SEU students share early voting experiences, tips for first-time voters


Juan Diaz

Early voting looked a little different this election season. To promote safety, voters must wear masks, social distance and are given a finger cover or stylist at the polls.

Voters swarmed the polls during the first week of early voting, which lasts from Oct. 13 to Oct. 30. As the early voting period goes on, people are waiting in line for long periods of time.

St. Edward’s student Jason Freed, voted early at Parque Zaragoza Recreation Center in East Austin.

“I arrived at my usual polling spot on the first day [of early voting] at 7:10 a.m. to find the street lined with cars and a line of people from the front door all the way to the street,” the long-time voter said. “During previous elections, at most, there have only been a few people in line when I’ve gone to vote.”

With COVID-19 precautions such as social distancing being implemented at the polls, the lines to vote seem longer than they have in previous years. However, with these protocols being administered, Freed felt more at ease when voting.  

“Everyone in line was wearing their mask and keeping a distance from one another,” Freed said. The process took him around 1.5 hours. “I definitely felt safe. Everyone was taking every precaution to make sure the voting process was safe.” Though voting looks slightly different this year, many St. Edward’s students are still excited to vote for the first time. Junior Stephen Lehren suggests some tips for first-time voters.

“[First-time voters] should know what’s on the ballot and should always double-check [their] info. Both are easy and can stop voter suppression and inclined state officials from stopping you from participating in the democracy,” Lehren says.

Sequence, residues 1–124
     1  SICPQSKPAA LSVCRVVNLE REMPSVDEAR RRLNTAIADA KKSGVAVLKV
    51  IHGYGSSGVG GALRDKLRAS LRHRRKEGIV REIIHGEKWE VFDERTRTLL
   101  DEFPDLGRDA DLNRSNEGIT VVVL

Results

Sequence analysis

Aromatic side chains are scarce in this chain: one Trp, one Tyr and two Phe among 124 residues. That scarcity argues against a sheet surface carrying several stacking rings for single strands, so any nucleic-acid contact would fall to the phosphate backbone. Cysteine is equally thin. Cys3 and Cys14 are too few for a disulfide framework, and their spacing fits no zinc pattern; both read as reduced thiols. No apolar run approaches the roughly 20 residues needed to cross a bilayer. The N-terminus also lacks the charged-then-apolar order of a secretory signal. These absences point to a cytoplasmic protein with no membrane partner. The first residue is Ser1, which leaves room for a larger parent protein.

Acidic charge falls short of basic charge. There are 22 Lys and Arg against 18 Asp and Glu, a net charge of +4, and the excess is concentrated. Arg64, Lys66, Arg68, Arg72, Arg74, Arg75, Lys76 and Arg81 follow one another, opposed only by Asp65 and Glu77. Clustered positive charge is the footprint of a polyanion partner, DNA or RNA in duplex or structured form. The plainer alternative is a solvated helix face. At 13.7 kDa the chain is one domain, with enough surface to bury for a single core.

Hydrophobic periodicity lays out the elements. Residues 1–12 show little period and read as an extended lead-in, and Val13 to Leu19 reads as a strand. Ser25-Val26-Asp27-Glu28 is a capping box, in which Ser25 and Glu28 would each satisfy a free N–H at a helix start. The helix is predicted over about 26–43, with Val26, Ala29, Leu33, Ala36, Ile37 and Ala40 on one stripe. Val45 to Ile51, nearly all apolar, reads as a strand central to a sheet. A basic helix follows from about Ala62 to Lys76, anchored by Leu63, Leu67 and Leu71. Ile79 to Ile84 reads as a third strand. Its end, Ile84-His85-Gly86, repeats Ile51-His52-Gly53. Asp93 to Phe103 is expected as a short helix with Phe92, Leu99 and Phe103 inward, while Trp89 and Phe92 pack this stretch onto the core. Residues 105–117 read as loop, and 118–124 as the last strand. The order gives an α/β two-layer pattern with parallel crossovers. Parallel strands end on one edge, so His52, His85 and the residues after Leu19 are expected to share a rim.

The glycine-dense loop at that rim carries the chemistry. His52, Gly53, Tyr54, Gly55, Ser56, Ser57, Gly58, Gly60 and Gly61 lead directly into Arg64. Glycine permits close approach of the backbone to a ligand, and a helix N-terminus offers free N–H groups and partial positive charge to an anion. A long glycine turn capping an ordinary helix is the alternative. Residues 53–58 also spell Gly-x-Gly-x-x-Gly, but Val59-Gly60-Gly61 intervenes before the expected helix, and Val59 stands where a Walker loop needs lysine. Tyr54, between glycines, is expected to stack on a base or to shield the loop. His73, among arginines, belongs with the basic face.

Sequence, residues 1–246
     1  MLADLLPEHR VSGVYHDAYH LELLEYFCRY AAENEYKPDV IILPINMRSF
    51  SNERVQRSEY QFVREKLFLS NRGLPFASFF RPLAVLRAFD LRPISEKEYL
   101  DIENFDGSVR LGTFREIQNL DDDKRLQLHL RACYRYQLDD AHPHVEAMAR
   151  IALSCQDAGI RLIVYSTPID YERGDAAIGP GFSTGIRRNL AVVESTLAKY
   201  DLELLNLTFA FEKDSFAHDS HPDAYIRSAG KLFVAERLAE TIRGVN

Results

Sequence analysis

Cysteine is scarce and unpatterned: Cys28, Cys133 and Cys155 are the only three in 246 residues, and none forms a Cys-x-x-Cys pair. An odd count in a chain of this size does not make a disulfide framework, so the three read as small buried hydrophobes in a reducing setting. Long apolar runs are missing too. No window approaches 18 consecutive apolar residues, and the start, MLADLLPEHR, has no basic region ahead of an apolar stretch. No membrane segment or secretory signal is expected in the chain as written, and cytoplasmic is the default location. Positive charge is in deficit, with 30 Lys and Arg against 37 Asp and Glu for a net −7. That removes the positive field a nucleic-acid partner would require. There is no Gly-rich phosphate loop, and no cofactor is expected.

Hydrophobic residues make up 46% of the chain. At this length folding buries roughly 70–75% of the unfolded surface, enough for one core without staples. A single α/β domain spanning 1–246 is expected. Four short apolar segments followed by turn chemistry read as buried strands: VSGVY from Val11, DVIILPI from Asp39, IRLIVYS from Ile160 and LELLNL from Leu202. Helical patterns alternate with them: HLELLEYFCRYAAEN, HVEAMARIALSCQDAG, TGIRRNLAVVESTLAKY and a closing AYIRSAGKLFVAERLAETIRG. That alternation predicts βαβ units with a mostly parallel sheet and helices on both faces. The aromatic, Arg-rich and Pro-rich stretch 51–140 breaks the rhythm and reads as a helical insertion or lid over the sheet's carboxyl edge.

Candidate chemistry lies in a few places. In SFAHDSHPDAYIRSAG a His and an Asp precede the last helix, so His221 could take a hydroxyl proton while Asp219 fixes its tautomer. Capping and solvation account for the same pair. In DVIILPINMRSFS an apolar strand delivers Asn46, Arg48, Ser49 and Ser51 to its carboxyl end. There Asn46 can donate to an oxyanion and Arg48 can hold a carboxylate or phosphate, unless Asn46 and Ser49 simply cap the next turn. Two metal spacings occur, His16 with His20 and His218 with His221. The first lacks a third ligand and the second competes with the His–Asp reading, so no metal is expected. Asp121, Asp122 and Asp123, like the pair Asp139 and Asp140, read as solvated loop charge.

Not knowing who is on the ballot can lead to confusion as there are many choices, and especially since voting straight-ticket isn’t an option this year. Freed’s advice is to start reading up on the candidates and propositions in order to be informed before heading to the polls.

“When you go to vote, check out the wait times online. The Austin Chronicle has some great endorsements if you are unsure of who you should vote for or want to learn more about Prop A and Prop B,” he says. 

Taking the time to understand what’s on the ballot is not only important but can also give you something to do as the lines die down. Matt Largey, podcasting professor at St. Edward’s, will be doing just that. 

“I do plan to vote early — probably somewhere in the middle of the voting period when the lines tend to get shorter. I usually end up procrastinating until the last day, but I promised myself I wouldn’t do that this time, because the lines are always super long on the last day of early voting,” Largey says. 

KVUE reported that over 35,000 people voted in Travis County on the first day. Whether you go early or late, get out there and vote!